4. Lower Wisconsin River in several southern Wisconsin counties. This IBA, encompassing most of the Lower Wisconsin State Riverway as well as the Spring Green Preserve owned by The Nature Conservancy, presents a vast mosaic of lowland and upland habitats associated with a large-river floodplain. Present are river islands ranging in cover from open to forested; floodplain and upland (oak and maple-basswood) forest tracts, some extensive; wet prairie; sedge meadow; emergent marsh, both shallow and deep; managed impoundments; shrub swamp; oak barrens; dry prairie; sandy oldfields; and bluffs.
The Lower Wisconsin River contains habitat for a wide variety of priority species and is considered especially critical for southern forest birds. It contains some of southern Wisconsin’s largest populations of red-shouldered hawk, prothonotary warbler, and cerulean warbler, as well as yellow-crowned night-heron, American woodcock, whip-poor-will, yellow-billed cuckoo, Acadian flycatcher, Eastern wood-pewee, wood thrush, Kentucky warbler, and hooded warbler. Dry prairies and more open barrens provide important habitat for grassland birds that prefer shorter, sparser vegetation, notably lark sparrow but also grasshopper sparrow and Western meadowlark. Barrens and shrub habitats support brown thrasher, Bell’s vireo, field sparrow, vesper sparrow, and orchard oriole. Least bittern, willow flycatcher, marsh wren, sedge wren, and swamp sparrow breed in wetlands and shrub swamps. The IBA also provides critical habitat for staging and migrating birds including waterfowl, waterbirds, landbirds and raptors, and sandhill cranes.
5. Blue Hills in Rusk and Barron counties - This IBA encompasses the geological feature known as the Blue Hills, an area of rugged topography composed of very resistant underlying quartzite. Most of the land is now in county forest, and the landscape is largely forested, with both young and mature forests of oaks, aspen, and maples in the uplands and bottomland hardwoods, lowland brush, and scattered conifer bogs in the lowlands. Also present are mixed hardwood-conifer forest, areas of mature conifers, cool-season grasslands, and many streams.
This extensive forested landscape provides habitat for many forest birds, including significant suitable habitat for cerulean warbler. Other high-priority breeders include least flycatcher, yellow-throated vireo, wood thrush, and black-throated blue warbler. Bog relicts provide for Nashville warbler, Northern waterthrush, pine warbler, and Lincoln’s sparrow.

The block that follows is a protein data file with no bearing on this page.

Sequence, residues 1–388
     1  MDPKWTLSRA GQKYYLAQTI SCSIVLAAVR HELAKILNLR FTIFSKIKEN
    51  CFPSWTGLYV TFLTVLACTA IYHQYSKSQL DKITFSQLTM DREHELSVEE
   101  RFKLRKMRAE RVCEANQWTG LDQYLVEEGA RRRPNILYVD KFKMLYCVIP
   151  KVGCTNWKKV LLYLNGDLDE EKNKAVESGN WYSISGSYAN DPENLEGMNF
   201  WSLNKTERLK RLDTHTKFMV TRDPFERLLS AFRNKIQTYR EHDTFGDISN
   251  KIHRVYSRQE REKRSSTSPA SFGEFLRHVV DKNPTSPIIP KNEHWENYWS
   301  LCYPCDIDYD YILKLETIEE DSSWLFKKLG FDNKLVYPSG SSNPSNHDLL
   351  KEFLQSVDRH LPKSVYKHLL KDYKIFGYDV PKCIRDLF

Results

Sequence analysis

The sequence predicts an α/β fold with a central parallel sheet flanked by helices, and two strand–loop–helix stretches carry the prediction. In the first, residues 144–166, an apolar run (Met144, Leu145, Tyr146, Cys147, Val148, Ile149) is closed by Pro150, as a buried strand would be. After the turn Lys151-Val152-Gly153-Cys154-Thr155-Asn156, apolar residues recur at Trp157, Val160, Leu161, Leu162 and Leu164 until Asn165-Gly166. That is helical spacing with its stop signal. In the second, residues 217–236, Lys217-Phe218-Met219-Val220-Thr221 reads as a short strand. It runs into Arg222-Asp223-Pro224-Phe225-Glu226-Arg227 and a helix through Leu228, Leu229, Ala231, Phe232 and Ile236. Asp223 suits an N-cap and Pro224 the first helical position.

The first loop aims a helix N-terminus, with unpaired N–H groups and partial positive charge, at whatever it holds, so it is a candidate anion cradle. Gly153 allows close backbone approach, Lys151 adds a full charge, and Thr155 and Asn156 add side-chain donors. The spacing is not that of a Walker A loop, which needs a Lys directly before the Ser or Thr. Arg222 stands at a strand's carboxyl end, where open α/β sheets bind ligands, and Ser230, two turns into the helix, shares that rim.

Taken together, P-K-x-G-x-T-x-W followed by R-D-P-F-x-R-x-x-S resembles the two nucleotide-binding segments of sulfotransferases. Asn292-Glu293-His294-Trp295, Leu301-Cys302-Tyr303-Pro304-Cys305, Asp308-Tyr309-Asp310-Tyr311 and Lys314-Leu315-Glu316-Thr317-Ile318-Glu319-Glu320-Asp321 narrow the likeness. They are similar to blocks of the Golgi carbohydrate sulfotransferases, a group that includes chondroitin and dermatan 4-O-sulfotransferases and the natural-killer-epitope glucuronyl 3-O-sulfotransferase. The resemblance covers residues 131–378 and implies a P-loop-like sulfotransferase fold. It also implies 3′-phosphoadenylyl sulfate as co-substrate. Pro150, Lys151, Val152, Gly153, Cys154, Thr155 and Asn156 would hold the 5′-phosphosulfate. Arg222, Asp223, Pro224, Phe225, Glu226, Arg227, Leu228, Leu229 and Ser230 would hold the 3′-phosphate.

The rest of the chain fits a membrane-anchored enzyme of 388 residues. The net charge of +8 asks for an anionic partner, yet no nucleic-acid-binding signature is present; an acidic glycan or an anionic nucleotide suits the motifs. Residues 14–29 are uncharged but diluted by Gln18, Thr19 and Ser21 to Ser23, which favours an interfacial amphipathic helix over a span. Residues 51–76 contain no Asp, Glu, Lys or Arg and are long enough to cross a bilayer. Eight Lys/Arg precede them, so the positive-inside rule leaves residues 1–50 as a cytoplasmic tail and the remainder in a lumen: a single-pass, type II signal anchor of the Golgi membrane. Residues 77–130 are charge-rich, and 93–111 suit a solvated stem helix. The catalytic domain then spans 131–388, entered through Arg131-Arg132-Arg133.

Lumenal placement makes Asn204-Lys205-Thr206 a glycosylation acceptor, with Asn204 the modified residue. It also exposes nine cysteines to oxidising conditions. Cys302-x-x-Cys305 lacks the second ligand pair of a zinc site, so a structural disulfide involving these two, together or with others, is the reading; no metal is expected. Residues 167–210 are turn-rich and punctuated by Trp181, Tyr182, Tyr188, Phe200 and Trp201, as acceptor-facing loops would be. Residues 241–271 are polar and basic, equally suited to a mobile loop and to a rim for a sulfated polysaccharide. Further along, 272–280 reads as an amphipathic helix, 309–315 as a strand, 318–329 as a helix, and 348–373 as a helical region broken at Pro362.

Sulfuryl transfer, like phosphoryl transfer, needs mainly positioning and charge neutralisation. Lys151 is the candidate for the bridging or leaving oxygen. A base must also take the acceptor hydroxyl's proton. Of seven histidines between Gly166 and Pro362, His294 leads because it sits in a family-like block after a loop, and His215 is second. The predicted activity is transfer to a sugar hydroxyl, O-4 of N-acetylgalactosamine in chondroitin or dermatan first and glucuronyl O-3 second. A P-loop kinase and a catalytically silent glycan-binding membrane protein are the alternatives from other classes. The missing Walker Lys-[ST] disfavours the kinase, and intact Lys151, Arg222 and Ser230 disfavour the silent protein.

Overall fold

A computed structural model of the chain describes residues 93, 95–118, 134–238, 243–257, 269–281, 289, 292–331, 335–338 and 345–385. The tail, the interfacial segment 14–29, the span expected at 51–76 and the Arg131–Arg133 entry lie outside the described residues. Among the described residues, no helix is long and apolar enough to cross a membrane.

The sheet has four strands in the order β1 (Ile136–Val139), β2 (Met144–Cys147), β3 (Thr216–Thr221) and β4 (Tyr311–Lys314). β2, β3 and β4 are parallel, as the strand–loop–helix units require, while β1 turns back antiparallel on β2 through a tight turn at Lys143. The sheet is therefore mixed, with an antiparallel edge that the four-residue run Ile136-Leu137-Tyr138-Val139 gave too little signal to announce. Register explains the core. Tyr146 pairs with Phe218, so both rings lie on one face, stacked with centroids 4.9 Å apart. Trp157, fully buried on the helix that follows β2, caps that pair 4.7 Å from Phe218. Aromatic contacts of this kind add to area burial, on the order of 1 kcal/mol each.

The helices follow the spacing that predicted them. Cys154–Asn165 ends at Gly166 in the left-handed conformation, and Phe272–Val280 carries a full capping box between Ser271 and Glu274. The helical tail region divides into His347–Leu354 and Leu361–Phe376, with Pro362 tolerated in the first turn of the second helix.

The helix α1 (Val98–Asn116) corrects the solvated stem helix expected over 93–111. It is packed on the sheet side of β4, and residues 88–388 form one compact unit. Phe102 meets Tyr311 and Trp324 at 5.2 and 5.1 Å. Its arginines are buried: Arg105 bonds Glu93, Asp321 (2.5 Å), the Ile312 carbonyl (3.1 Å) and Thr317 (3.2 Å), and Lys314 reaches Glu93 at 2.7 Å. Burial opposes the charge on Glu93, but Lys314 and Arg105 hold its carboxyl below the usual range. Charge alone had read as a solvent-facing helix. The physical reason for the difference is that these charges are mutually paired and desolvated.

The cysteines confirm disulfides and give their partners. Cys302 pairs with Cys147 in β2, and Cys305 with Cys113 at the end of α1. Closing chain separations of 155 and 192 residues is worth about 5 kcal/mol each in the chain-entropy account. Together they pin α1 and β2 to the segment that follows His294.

6. Lower Chippewa River in several west central Wisconsin counties - This area encompasses the final 40 miles of Wisconsin’s second-largest river before it meets the Mississippi. The floodplain is flat and meandering with many oxbows and bayous, and contains the largest contiguous floodplain forest in the entire upper Midwest. Prairie is found on the sand and gravel terraces, while the surrounding hills harbor goat prairie and savanna. Other vegetation types present include shallow marsh, willow thickets, cool season grasses, and scattered ponds and conifers.
This site supports significant breeding populations for numerous high priority species, including red-shouldered hawk, Kentucky warbler, and prothonotary warbler. It is considered a cerulean warbler core habitat, with up to 10,000 acres of suitable habitat available for this species. The site is a concentration area for waterfowl, with numbers exceeding 25,000 on many days in the fall. Several hundred waterbirds, including herons, egrets, and bitterns, also concentrate here in late summer. The site is an exceptional concentration area for migratory landbirds, particularly in the spring, with numbers conservatively estimated at 100,000 in a single day.
7. Headwaters Wilderness Area, Forest County - This IBA, on the Nicolet portion of the Chequamegon-Nicolet National Forest, consists of extensive conifer wetlands of spruce, fir, and tamarack alternating with upland forests of second-growth northern hardwoods and scattered pines.